Despite a cursory knowledge of Jeff Wall's work, I never paid close enough attention to it until about a year ago when I began to truly embrace tableaux-style work. I've always had a thing for the 1970s "New Color" era, so it is of no surprise I found his work interesting. However, it was in researching it further – especially upon reading his plentiful writing – that I became truly inspired and impressed by his work.
To see "The Destroyed Room" in print does it little justice. Made to be viewed as a large, backlit transparency, it is properly viewed only in a gallery setting. I have not had the fortune of doing this, but I do have the fortune of possessing a strong imagination, and I recognize the advertising light boxes from which Wall took partial inspiration from.
It took a few viewings and a few readings for the image to truly impact me. It was the historic context and an image of its original display (in a window, visible to sidewalk traffic) that I realized its impact. Not only was this a clever and complexly conceived image, but it was placed in a relevant environment where it could startle viewers.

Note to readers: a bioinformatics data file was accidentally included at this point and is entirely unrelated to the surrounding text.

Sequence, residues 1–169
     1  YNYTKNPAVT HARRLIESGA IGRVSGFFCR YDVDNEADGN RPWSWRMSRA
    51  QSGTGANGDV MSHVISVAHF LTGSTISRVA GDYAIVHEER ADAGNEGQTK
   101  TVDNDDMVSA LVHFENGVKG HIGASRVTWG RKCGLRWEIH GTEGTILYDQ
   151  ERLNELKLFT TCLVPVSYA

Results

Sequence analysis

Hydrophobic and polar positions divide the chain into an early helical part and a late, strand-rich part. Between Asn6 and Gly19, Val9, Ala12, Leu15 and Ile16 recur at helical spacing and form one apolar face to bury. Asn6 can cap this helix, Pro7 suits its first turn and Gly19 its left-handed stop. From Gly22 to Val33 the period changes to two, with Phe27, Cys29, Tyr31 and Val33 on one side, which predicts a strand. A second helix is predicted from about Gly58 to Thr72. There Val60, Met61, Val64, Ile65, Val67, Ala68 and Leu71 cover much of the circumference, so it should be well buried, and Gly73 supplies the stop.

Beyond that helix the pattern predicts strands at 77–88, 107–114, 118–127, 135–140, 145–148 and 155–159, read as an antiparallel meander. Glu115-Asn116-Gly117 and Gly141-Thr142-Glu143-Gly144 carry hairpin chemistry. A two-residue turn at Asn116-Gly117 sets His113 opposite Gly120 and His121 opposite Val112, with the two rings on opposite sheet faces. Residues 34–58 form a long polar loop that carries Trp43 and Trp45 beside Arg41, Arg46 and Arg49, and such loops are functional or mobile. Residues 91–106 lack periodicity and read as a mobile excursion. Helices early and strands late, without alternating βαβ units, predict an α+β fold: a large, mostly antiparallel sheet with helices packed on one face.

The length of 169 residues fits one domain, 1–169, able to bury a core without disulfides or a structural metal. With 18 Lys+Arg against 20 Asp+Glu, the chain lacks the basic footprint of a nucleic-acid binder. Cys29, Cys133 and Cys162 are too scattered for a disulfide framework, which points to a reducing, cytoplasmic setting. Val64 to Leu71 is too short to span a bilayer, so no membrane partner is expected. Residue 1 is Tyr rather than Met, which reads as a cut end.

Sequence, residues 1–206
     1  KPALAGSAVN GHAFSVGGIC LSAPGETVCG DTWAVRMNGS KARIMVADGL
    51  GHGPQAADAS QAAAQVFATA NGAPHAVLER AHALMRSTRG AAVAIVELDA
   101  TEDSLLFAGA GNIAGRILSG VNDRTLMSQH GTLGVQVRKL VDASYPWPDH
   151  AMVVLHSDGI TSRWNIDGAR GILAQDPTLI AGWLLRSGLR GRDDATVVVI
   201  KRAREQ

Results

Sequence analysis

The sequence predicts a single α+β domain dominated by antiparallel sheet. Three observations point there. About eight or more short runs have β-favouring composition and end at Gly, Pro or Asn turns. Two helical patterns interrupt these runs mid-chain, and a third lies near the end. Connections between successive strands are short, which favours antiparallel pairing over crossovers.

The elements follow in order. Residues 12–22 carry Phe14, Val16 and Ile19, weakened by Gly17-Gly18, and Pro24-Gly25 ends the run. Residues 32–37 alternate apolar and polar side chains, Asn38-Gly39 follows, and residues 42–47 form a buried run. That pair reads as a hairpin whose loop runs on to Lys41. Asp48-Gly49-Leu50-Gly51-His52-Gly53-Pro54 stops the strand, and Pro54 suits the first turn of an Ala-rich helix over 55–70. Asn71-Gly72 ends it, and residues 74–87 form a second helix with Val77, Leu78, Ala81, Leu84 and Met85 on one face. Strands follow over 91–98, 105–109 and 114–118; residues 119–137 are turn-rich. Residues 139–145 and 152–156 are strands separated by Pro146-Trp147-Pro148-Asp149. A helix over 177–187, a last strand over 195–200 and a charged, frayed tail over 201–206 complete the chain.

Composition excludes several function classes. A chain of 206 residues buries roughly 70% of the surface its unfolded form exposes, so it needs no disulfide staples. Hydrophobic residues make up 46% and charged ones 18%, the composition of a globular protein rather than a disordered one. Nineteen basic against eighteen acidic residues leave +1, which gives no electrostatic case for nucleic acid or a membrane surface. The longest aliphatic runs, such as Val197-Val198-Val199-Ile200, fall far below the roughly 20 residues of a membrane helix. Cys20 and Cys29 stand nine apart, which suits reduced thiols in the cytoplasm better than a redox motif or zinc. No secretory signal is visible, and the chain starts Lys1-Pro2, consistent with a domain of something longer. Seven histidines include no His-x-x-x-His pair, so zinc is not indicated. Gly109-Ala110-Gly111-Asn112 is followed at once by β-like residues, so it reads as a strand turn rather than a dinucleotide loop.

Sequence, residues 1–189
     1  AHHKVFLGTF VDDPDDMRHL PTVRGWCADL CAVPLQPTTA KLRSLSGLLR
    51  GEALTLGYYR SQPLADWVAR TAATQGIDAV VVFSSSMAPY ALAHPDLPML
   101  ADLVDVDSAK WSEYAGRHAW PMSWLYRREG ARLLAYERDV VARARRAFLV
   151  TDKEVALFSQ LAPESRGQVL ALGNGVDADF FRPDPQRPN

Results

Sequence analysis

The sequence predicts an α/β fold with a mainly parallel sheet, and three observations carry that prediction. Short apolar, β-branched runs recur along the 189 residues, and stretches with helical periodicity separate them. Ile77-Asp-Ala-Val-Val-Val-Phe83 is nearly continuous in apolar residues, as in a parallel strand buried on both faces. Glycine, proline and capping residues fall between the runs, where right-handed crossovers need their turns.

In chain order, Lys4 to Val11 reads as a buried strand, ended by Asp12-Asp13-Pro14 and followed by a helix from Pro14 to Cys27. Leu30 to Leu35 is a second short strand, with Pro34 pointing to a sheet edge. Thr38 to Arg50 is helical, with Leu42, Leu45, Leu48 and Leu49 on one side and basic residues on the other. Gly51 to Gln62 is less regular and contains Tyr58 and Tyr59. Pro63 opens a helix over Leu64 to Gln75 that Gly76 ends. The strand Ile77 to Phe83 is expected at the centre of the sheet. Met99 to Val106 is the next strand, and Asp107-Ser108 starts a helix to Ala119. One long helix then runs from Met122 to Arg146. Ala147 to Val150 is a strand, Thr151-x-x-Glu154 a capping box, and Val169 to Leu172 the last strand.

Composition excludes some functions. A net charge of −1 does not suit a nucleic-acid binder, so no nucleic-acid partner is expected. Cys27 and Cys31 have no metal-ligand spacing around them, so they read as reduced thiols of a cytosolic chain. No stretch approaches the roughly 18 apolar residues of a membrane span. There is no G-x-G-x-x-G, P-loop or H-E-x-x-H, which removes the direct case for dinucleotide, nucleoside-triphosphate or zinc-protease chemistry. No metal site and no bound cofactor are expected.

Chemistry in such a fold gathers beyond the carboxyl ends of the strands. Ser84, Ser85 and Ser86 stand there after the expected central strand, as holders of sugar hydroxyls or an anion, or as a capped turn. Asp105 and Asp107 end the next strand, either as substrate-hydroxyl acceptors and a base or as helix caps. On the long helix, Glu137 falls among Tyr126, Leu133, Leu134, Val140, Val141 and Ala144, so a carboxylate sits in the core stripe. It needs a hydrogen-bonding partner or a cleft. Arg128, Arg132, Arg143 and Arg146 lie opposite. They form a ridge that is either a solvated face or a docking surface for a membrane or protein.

To me, this image has it all: Immediate impact, followed by substance as the viewer explores it, bold placement, relevant presentation in all regards (the references of the light box to advertising and to Dan Flavin's work), and it is somehow original even though it is inspired by a Delacroix painting.
"The Destroyed Room" not only inspires me with its intended message about violence, but also with the amount of work and insight that went into making the image and then presenting it. It's a mighty high bar, but one I find it useful to try to jump toward in my own growth as an artist.